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2021 Year-End Tax Planning Tips

2021 Year-End Tax Planning

It’s time to start thinking about year-end tax planning. 2021 is coming to a close, and there is no better time to start getting your finances organized for when tax filing season comes around. Here are some essential tips and strategies for individuals to be better prepared in the new year.

Review Your Personal and Retirement Portfolio

The end of the year means it’s time to “take stock” of your stock – or any investments you might have. Review your current assets and determine what might need selling to offset any gains and potentially reduce your tax bill. You can also take a look at investing in new ones.

Have you considered diversifying your portfolio with a self-directed IRA? Self-directed IRAs are a great way to add new investments to your portfolio. A self-directed IRA is not a particular type of IRA. Any Traditional, Roth, SEP, or SIMPLE IRA can be self-directed. The term refers to the unlimited types of investments you choose or “self-direct” within the IRA.

Midland Trust allows you to invest in alternative investments, unlike traditional IRA custodians. These alternatives can include real estate, private stock, cryptocurrency, hedge funds, and more. Investing in alternatives allows you to maximize your returns and potential gains by investing in assets in which you might have more knowledge. Visit our Self Directed IRA page to learn more about all investments you can make in your IRA at Midland.

Max Out Your Contributions

Retirement accounts are a fantastic way to lower your current year’s taxable income and grow your money for retirement over time.

Pre-tax dollars fund Traditional IRAs and 401(k) plans. This means you don’t pay any taxes on your money until you take it out. Employer-sponsored plans often match a certain percentage or dollar for dollar of what you contribute to your plan. Take advantage of those benefits for the rest of the year.

Post-tax dollars fund Roth IRA and Roth 401(k) plans. This means these accounts don’t provide the same taxable income benefits. But, these accounts offer many different benefits, some of which you can read about here.

You can make 2021 contributions until the tax-filing deadline of April 15th, 2022. For 2021, maximum contribution limits are:

  • Traditional or Roth IRA: up to $6,000 for those up to age 49½ (+$1,000 for anyone over the age of 50)
  • 401(k): up to $19,500 for those up to age 49½ (+$6,500 for anyone over the age of 50)
  • SEP IRA: 25% of net earnings up to $58,000
  • SIMPLE IRA: up to $13,500 for those up to age 49½ (+$3,000 for anyone over the age of 50)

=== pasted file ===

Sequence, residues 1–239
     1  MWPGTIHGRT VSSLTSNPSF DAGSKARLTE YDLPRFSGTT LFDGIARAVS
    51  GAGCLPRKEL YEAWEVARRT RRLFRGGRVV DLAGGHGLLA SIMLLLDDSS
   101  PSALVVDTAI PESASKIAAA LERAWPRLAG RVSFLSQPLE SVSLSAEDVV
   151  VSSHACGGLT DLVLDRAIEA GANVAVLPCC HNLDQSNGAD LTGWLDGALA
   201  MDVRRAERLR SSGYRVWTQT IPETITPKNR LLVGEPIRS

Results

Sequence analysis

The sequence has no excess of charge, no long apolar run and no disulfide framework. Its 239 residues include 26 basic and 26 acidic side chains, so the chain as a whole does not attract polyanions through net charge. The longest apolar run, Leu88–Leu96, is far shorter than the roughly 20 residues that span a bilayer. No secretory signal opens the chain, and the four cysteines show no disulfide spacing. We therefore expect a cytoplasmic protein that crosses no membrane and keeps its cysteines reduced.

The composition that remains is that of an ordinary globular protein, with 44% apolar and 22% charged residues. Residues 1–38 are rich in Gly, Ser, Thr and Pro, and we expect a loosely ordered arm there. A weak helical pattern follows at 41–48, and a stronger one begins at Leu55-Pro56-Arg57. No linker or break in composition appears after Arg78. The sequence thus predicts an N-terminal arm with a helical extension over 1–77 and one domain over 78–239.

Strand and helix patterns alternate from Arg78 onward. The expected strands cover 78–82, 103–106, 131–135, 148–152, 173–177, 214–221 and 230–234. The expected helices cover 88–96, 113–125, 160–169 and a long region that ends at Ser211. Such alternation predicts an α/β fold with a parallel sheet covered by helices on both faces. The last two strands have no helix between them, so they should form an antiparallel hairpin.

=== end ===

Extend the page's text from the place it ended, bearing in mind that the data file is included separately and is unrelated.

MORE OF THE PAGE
For a complete list of contribution limits and contribution deadlines, click here.

Check Your RMD

On the other end of the spectrum from contributions are RMDs or Required Minimum Distributions from a Traditional IRA. A person must start taking RMDs from their traditional IRA by April 1st of the year after they turn 72. After the year they turn 72 and every year going forward, withdrawals must be taken annually by December 31st. Although suspended during 2020 because of the pandemic, RMDs are, once again, required in 2021.

RMDs are taxable income, and when making the withdrawal, you can request that your custodian withhold tax. However, you have to specify the amount or percentage you want withheld. If you don’t take your required RMD, you can be taxed 50% of the amount you should have withdrawn. This amount is based upon age, life expectancy, and the amount in the account at the beginning of the year.

If you have a Roth IRA, you are not required to take any RMDs. Roths have the flexibility of allowing the account holder to withdraw contributions and earnings in whatever quantity they prefer without penalty once they reach the age of 59½.

Defer Payments Through Charitable Giving

The holidays are the season of giving, and making donations are a great way to earn potential tax deductions.

For 2021, it’s possible to deduct up to $600 cash for joint filers and $300 for single filers. You can also donate IRA assets, especially alternative investments from your self-directed IRA, and take the same $300 or $600 deduction. In addition, if you contribute large percentages relative to your income this year, you can deduct cash gifts up to 100% of your adjusted gross income. Finally, for property, if you’ve owned it for more than one year, you can deduct the market value on the date of donation and avoid paying any capital gains tax from appreciation.

What Is a Roth Conversion?

Another potential strategy is looking at whether a Roth conversion is suitable for you. A Roth conversion occurs when you convert your traditional IRA to a Roth. This means you pay taxes now on the funds in the account instead of later at withdrawal. Some potential reasons for a Roth conversion are anticipating a higher tax bracket in the future, lower than normal taxable income this year, or potentially high RMDs due to gains in the account. Congress is talking about removing Roth Conversions, so now is the time to speak with your tax advisor to see if this is something that might be right for you.

Year-end is coming fast, so don’t wait on some of these critical tax and retirement planning ideas. For more information on IRA accounts and the opportunities available at Midland Trust, be sure to visit our website or call us at (239) 333-1032.